The High Court recently refused a winding up petition brought by a landlord against a tenant company that had not paid rent on its commercial premises for more than a year.
Lestown Property Limited v The Companies Act 2014  IEHC 513.
A dispute arose between a landlord, Lestown Property, and a tenant that operated a Leisureplex in Charlestown Shopping Centre. The Leisureplex was only accessible through the lobby of an adjacent cinema. The cinema was leased to a separate entity and was closed during the COVID-19 pandemic.
In October 2020, the landlord served a formal demand for unpaid rent pursuant to section 570 of the Companies Act 2014 seeking €153,000. At the date of the application in February 2021, the landlord claimed that €338,000 was owed in unpaid rent. The tenant relied on a rent suspension clause in the lease which provided that, once service charges and insurance payments were up to date, the tenant did not have to pay rent if the premises was destroyed or damaged by an insured risk. The insurance policy contained a provision covering the prevention of access due to damage, and “damage” under the policy extended to closure of the premises on the advice of a local or governmental authority due to an outbreak of infectious disease at the premises.
Ms Justice Nuala Butler delivered judgment and, in refusing to wind up the company, she stated that a winding up order is not a legitimate means of enforcing a debt over which there was a bona fide dispute. The court also stated that, even if there had not been a bona fide dispute, the court would be very reluctant to order the company be wound up, given that the events leading to the non-payment of rent (the COVID-19 pandemic) were outside the parties’ control.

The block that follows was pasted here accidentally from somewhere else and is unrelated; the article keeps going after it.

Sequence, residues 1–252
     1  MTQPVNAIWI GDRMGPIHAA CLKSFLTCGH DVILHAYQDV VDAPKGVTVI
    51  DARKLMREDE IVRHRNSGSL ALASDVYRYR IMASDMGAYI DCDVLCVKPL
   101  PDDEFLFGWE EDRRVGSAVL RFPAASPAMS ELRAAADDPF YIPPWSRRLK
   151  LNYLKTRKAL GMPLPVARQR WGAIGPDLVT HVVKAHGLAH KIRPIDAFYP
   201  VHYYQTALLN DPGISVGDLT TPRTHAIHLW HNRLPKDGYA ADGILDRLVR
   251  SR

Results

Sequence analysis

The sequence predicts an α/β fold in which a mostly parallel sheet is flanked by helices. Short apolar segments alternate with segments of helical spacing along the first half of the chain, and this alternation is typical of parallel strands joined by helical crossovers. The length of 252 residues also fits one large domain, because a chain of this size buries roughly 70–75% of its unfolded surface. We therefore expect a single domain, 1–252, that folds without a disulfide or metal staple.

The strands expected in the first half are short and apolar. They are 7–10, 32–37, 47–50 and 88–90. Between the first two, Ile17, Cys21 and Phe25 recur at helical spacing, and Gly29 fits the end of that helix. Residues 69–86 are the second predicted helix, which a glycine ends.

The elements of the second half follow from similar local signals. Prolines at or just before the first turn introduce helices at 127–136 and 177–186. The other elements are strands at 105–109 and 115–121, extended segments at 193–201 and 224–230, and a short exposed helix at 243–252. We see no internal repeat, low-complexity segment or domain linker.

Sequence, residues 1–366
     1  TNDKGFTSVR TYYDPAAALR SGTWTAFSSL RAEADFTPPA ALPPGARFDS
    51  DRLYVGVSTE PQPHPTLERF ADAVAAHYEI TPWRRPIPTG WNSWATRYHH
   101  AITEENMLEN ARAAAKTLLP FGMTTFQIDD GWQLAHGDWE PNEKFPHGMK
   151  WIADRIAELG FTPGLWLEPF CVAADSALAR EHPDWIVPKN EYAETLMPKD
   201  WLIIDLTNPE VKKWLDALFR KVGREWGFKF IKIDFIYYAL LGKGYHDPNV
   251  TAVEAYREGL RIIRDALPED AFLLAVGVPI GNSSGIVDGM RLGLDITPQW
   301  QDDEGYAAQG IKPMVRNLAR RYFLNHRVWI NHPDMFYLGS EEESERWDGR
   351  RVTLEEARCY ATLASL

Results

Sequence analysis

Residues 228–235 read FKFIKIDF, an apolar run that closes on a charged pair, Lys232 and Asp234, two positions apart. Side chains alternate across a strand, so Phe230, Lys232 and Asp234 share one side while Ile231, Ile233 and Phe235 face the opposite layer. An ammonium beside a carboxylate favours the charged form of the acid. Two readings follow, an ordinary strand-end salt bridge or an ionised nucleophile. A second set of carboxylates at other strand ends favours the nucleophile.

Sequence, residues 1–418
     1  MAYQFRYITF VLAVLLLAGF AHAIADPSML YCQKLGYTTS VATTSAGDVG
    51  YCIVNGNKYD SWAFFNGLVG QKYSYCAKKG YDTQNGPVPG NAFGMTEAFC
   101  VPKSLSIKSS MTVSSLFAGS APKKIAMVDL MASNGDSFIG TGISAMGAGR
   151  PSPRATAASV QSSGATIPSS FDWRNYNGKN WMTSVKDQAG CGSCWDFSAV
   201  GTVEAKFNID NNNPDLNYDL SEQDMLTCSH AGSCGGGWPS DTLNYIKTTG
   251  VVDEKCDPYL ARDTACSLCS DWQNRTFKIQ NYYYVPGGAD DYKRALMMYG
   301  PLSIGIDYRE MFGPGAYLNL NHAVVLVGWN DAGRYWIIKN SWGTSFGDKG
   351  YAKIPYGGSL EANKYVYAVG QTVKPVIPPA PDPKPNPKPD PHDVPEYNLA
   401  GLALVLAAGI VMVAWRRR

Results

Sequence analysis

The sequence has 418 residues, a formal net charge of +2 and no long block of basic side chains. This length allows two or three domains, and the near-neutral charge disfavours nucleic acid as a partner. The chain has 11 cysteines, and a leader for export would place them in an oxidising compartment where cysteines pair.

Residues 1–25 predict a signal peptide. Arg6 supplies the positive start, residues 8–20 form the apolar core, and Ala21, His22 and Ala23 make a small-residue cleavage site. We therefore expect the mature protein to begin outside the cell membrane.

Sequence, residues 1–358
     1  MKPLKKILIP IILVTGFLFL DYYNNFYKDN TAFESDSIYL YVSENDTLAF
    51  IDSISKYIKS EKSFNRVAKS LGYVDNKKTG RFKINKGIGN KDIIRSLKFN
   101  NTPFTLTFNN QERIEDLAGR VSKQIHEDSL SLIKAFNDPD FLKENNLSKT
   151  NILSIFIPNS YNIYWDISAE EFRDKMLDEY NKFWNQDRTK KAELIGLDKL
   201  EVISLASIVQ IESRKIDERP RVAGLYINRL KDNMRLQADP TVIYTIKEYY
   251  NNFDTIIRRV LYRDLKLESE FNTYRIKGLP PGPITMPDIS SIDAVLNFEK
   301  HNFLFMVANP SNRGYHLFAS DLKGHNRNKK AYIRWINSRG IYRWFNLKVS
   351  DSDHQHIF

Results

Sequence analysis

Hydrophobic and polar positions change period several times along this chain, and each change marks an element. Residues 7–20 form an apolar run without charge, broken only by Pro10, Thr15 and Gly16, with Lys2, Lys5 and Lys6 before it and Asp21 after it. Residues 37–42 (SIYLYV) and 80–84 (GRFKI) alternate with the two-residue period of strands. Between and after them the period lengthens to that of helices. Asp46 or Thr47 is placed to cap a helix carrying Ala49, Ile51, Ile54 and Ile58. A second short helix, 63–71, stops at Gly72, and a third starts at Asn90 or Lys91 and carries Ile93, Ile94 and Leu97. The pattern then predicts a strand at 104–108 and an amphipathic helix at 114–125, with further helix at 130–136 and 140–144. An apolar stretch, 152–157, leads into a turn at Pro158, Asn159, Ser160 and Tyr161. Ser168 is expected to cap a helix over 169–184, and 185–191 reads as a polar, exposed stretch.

Furthermore, the court commented that it was not a case that if the company was wound up that the lease would revert to the landlord and the premises could be “straighforwardly and profitably be re-let to another tenant. Any other tenant … would face exactly the same restrictions faced by the company over the last sixteen months”.
This judgment is a timely reminder that the court views the threat and the issuance of a petition to wind up a company very seriously, particularly in light of the ongoing pandemic, and will stringently review the facts of each case in determining whether or not the petitioner has met the relevant criteria. The decision also reinforces the point that the court retains an overriding discretion to refuse a winding up petition, and that a company being unable to pay a debt due does not automatically mean that a winding up order will be made.